Bottlers refuse to import LPGGas bottlers have been refusing to import liquefied petroleum gas (LPG) even though the government has agreed to their longstanding demand to be allowed to operate their own tankers because now they have another complaint.
Gas bottlers have been refusing to import liquefied petroleum gas (LPG) even though the government has agreed to their longstanding demand to be allowed to operate their own tankers because now they have another complaint.
They say that a clause in the recently amended LP Gas Transport Bylaw 2017 is impractical because it requires them to sell their products in areas fixed by Nepal Oil Corporation (NOC).
Diwan Chand, general secretary of the Nepal LP Gas Industry Association, said they would not take purchase delivery orders (PDOs) from NOC until it revised the offending provision in the bylaw.
“Most importers have their own bottling plants, so how can they sell the imported gas to others instead of distributing it from their own plants?” he said.
The government has allowed 46 gas plants to import 775 bullet tankers. The use of own tankers is expected to save the country Rs2 billion annually in freight charges being paid to Indian transporters.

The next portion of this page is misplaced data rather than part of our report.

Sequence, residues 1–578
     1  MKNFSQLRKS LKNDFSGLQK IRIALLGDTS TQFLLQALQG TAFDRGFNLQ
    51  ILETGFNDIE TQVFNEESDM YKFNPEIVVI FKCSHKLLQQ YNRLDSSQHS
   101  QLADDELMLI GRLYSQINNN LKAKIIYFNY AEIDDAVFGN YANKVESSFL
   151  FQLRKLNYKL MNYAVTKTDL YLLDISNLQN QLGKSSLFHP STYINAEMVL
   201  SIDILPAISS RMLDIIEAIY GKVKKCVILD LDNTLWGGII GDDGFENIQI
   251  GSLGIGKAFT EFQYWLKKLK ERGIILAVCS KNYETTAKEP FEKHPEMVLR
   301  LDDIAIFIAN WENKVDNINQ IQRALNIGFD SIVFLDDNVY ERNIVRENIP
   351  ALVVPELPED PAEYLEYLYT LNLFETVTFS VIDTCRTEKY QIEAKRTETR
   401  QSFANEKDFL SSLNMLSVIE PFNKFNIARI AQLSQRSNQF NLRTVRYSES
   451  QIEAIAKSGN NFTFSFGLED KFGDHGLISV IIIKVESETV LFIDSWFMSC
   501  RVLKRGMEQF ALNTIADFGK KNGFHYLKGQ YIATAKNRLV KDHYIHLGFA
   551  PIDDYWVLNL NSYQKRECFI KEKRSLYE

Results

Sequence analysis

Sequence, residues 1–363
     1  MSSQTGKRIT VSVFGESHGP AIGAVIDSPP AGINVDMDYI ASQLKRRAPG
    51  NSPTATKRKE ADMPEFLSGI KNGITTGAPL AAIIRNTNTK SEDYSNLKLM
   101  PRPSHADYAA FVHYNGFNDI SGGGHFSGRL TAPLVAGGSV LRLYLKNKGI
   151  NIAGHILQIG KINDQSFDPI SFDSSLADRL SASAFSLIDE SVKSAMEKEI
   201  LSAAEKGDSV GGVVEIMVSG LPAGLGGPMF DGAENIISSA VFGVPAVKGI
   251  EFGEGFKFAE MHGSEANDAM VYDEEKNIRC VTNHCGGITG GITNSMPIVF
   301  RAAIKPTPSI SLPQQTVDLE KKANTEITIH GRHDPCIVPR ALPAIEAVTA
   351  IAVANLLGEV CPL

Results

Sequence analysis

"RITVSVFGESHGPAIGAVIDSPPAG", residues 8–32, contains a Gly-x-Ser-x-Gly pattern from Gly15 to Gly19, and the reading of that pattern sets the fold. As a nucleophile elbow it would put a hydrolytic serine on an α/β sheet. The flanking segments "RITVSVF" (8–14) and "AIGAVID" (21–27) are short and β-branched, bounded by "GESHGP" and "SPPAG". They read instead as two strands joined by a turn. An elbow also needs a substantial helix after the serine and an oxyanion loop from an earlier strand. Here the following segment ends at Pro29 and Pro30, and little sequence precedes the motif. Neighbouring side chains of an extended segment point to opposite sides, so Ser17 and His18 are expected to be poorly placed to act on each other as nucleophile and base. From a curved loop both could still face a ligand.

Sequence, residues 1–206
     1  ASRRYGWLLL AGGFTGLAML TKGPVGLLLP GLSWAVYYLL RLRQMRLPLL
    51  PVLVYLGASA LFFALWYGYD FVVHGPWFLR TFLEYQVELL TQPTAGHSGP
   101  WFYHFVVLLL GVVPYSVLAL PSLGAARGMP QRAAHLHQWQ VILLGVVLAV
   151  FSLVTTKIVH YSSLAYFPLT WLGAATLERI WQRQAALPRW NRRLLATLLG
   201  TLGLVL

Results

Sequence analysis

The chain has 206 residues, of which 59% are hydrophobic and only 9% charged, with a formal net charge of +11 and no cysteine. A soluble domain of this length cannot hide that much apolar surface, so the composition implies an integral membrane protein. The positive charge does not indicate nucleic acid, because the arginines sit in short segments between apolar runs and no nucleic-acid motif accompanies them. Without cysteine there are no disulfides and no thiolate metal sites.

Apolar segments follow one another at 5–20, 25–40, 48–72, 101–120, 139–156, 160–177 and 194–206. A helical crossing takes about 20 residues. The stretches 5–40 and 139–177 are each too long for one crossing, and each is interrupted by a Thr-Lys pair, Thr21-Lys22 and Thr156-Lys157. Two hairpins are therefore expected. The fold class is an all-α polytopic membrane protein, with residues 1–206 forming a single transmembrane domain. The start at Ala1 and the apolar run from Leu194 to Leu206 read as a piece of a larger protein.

NOC issues PDOs to gas importers who buy LPG from depots of Indian Oil Corporation (IOC) in India. Currently, Nepal’s imports of LPG are being shipped in Indian gas bullets.
A month ago, Everest Gas Industry of Kathmandu acquired two gas bullet tankers, but it has not yet taken PDOs from NOC. According to the association, gas importers have placed orders for 300 gas bullets.
“NOC’s provision has put their investment at risk of loss,” Chand said.
Meanwhile, NOC claimed that the bylaw was not meant to discourage importers from bringing LPG in Nepali-owned bullet tankers. NOC Spokesperson Bhanubhakta Khanal said that the corporation would not enforce the provision when there is normal supply.
“NOC has been authorised to intervene and invoke the provision only when there is a short supply of cooking gas in the market,” said Khanal, adding that the provision had been inserted in the bylaw to ensure regular supply of the essential cooking fuel.
Khanal blamed the delay in importing cooking gas on bullet tanker owners who had not completed the official procedure necessary to transport the fuel.
“The newly imported bullet tankers have not been certified by NOC technicians, and their owners have not obtained an explosives licence and road permit from Indian authorities.”
Khanal said NOC was always open to holding talks with gas bottlers about the provisions in the bylaw.